Mr Morris is an ambassador at the airport and drives his wheelchair 40 minutes to and from work. He has offered his services to the airport and the Gold Coast government to help this initiative from his perspective.

“Nine times out of ten, they get most information just off people, they need to get it off people in wheelchairs and they need to experience it for themselves,” he said.

“A lot of places say they’re wheelchair friendly and all they do is make the doors a bit wider and put in a small concrete ramp, it’s not right and they don’t do it properly.”

Mr Morris said Australia would do well to follow in America and New Zealand’s footsteps.

“Getting off and on buses you’re locked down (in those countries), in Australia you’re not,” he said. “I just found people are more accepting and more caring, people were more helpful.

“I’ve been to New Zealand and they had beach wheel chairs that you could hire, so they were really good, for 5 days I didn’t have to worry about anything which was awesome.”

Accessible tourism accounts for 8.2 million overnight trips and $8 billion of Australia’s overall tourism expenditure.

Representative of Gold Coast tourism, Lenna Klintworth, is at the forefront of this initiative. Ms Klintworth said there’s a massive market for accessible tourism and people are just starting to realise that.

“Because the Commonwealth Games are the most inclusive games ever, that is how accessible tourism began to grow within the city because the council started having conversations with Gold Coast Tourism and GOLDOC,” Ms Klintworth said.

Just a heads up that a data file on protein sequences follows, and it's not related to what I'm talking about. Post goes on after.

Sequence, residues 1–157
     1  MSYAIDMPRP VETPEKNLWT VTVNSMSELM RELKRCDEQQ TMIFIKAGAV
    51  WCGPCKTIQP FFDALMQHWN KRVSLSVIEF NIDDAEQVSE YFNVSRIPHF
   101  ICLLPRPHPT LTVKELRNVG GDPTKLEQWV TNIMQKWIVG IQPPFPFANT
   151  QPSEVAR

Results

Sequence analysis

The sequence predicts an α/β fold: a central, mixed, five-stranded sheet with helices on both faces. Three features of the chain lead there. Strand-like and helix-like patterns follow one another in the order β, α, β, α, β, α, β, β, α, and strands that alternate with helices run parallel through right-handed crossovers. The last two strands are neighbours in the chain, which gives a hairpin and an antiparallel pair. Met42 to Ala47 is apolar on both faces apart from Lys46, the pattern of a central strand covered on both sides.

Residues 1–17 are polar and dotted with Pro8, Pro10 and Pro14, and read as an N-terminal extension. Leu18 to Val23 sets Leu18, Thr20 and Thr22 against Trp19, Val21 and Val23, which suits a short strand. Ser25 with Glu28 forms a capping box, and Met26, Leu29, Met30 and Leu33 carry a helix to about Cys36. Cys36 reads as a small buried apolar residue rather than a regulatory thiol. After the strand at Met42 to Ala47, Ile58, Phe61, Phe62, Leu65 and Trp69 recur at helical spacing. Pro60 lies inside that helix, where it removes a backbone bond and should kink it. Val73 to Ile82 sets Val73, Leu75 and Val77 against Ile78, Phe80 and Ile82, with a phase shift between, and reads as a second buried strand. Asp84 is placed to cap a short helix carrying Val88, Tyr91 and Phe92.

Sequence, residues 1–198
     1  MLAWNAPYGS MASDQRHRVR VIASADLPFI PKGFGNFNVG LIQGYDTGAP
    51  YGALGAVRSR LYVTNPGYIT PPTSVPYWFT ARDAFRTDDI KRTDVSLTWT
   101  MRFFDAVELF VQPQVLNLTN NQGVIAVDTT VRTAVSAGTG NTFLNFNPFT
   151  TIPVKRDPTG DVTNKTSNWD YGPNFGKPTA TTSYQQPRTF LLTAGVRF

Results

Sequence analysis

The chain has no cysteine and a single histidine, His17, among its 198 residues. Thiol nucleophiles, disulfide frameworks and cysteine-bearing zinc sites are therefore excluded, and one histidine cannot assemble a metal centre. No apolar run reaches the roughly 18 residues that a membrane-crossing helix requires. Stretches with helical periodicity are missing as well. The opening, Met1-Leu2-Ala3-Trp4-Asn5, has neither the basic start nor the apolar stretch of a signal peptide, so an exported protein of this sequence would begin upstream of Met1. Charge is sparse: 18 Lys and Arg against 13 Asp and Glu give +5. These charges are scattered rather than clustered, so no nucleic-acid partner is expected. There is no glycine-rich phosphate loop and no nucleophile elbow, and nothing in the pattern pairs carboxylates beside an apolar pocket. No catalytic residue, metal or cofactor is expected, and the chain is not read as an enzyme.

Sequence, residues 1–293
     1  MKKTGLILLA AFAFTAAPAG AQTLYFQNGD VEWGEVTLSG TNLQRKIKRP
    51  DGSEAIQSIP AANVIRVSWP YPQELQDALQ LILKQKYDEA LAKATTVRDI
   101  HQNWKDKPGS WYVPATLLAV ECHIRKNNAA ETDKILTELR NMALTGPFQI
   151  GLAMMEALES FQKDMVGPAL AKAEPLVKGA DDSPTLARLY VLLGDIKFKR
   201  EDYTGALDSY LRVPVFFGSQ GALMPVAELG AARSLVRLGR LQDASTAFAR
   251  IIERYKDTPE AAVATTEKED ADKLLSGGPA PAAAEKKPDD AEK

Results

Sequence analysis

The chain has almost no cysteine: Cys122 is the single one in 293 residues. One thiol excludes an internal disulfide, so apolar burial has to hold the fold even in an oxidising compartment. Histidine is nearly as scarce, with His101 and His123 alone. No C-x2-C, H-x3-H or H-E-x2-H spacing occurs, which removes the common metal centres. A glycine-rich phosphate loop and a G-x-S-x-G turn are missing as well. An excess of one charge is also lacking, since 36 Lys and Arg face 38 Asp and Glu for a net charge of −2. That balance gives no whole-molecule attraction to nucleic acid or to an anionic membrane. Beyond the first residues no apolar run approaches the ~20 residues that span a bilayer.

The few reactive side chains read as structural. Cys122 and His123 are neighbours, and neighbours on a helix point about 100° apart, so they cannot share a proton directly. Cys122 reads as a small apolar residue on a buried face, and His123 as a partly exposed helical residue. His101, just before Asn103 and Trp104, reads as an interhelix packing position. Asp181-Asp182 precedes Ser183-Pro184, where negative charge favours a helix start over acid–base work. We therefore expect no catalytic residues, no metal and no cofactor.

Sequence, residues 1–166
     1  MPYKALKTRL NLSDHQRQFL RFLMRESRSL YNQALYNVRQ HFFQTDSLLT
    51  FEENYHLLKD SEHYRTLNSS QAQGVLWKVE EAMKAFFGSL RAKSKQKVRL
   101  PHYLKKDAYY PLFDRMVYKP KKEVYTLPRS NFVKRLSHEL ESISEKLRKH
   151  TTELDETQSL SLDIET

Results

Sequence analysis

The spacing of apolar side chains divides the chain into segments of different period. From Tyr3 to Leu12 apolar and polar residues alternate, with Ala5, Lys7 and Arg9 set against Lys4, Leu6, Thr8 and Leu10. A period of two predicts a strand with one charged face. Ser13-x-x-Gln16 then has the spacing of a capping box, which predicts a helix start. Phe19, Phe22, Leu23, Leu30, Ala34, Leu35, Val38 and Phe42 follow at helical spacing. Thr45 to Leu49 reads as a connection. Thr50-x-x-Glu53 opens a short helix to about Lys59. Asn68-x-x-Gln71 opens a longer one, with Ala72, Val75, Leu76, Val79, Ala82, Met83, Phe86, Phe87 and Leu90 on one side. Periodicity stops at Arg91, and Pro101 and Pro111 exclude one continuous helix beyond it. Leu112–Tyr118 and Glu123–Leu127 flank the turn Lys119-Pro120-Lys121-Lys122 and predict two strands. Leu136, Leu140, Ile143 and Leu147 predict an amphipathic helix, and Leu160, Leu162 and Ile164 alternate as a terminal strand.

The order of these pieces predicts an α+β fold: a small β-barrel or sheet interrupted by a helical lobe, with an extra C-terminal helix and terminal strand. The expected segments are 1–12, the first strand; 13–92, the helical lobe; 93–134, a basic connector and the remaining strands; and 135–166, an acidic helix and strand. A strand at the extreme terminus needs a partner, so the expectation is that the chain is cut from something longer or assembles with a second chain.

“We needed the city to be ready.”

In February this year the City of Gold Coast and Gold Coast Tourism, with the support of the Gold Coast 2018 Commonwealth Games Corporation, held the first accessible tourism forum with more than 270 attendees.

Ms Klintworth said what she gathered from the forum was that the industry wants to do the right thing but isn’t sure how.

Businesses will be asked to place an accessible tourism guide on their website. GOLDOC have surveyed about 150 accommodation places on the Gold Coast to help them identify which are fully accessible for people with disabilities.

“What we have discovered from the forum and with the games coming was that businesses want to be accessible,” she said.

“We’re not asking people to put in ramps or make massive changes, but focus on what they’ve already got.

“It is more about getting industry to understand how they are ALREADY accessible.”

Kath Gouley of Miami Marketta Photo: Jariah Travan


Kath Gooley, Event Co-ordinator at Miami Marketta said they couldn’t be more excited to be one of the first businesses to take part in this project to improve accessible tourism.

‘Basically, for us it’s just about inclusion and having everybody come and enjoy our venue not only just for the games but for the future as well,” Ms Gooley said.

Mr Morris urges businesses to get on board the Accessible Tourism plan and hopes this will shape a better future for the Gold Coast.

“If you know about a hotel and its set up right you’ll have that ease of mind and you’ll always go back, its one less thing to worry about and you can really enjoy yourself if you go on holiday,” he said.

“It should be an everyday part of life.”


To find out more information on accessible tourism head to City Of Gold Coast